It’s not a good look, it’s unprofessional and seriously can turn people away.
This is a good quality image
This is a bad quality image
This is a stretched/distorted image:
Can you see the difference between all 3?
Start by using high quality stock images, this will ensure that your images are large enough to start with. Then follow my instructions to compress them. If you’re losing image quality, you’ve gone too far. You have to find that happy medium.
Related Post > Top 10 FREE Stock Image Websites
Sometimes it’s hard to know exactly what the images are going to look like when they’re on the website. Depending on what size they are, they might look better, or worse, when put in their designated spot on the website. Luckily, Squarespace is a front end builder, so you can check what your images look like as you put them in.
But always remember that every monitor is different. Among different sizes there is now retina screens that view websites in a higher resolution. If you have the chance, check your website out on all of these types of monitors and see how it looks. But if that’s not possible, my guidelines should cover all basis!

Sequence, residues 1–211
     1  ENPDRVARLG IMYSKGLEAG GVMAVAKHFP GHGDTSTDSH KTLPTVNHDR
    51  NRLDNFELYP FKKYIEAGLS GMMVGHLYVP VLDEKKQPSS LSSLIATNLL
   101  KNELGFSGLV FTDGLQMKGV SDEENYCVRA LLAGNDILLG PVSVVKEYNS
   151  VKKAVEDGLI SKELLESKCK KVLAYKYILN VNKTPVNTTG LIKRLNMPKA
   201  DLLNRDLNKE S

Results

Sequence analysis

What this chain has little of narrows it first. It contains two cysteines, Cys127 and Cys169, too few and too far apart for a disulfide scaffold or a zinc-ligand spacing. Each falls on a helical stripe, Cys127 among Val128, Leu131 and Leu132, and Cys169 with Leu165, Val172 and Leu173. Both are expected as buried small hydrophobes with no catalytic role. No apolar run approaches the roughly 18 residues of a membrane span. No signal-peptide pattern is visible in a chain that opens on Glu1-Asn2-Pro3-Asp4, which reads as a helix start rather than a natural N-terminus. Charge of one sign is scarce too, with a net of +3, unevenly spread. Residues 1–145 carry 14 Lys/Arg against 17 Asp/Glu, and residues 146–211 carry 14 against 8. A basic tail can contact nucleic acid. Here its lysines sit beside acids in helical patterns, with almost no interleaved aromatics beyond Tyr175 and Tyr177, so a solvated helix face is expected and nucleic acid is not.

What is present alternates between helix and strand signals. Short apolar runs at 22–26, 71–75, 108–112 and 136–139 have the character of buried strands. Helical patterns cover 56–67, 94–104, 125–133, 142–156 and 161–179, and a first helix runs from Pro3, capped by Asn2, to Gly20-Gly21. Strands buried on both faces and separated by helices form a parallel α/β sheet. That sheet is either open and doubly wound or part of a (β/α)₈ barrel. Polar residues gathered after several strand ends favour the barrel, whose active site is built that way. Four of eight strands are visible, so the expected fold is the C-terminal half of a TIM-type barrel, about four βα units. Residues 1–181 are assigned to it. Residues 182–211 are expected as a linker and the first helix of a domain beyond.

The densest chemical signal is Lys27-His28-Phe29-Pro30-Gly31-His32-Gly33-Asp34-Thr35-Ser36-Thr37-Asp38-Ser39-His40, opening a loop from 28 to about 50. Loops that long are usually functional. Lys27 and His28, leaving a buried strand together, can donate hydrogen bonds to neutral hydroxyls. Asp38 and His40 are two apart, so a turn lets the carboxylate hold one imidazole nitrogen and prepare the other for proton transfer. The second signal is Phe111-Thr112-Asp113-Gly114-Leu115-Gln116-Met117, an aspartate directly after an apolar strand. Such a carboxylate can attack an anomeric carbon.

NAME YOUR IMAGES
This one’s important for SEO. Because Search Engines can’t see what images are, they search for the image name in the hopes that the image name will be representative of what the actual image is.
This means you have to name all of your images accordingly. Even though you can’t see this name in your post, Search Engines can.
You can rename your image files before you even upload them, or if it’s easier, you can rename them on Squarespace once you’ve uploaded them. Just upload your image via the image block, and then name it accordingly in the space provided, easy!
Call the image something to do with your business. For example, if I’m uploading my portfolio pieces, I call the files something like “Branding Style Board for Shay Smith Photography by Big Cat Creative”. If I’m writing a blog post, I like to use my Keyword Phrase within the image titles.
Related Post > Optimize Squarespace Blogs Posts for SEO (Keywords explained)
Make renaming your images a habit, and it will dramatically improve your SEO. Every single image on your website should be named accordingly.
Those are the 3 things that you need to do when uploading images to Squarespace. Think: Compress, Rename, check Quality. Once you get into doing this regularly it becomes second nature.
Do you have any other image optimizing tricks for Squarespace? Let me know in the comments, and good luck!
Thanks for reading!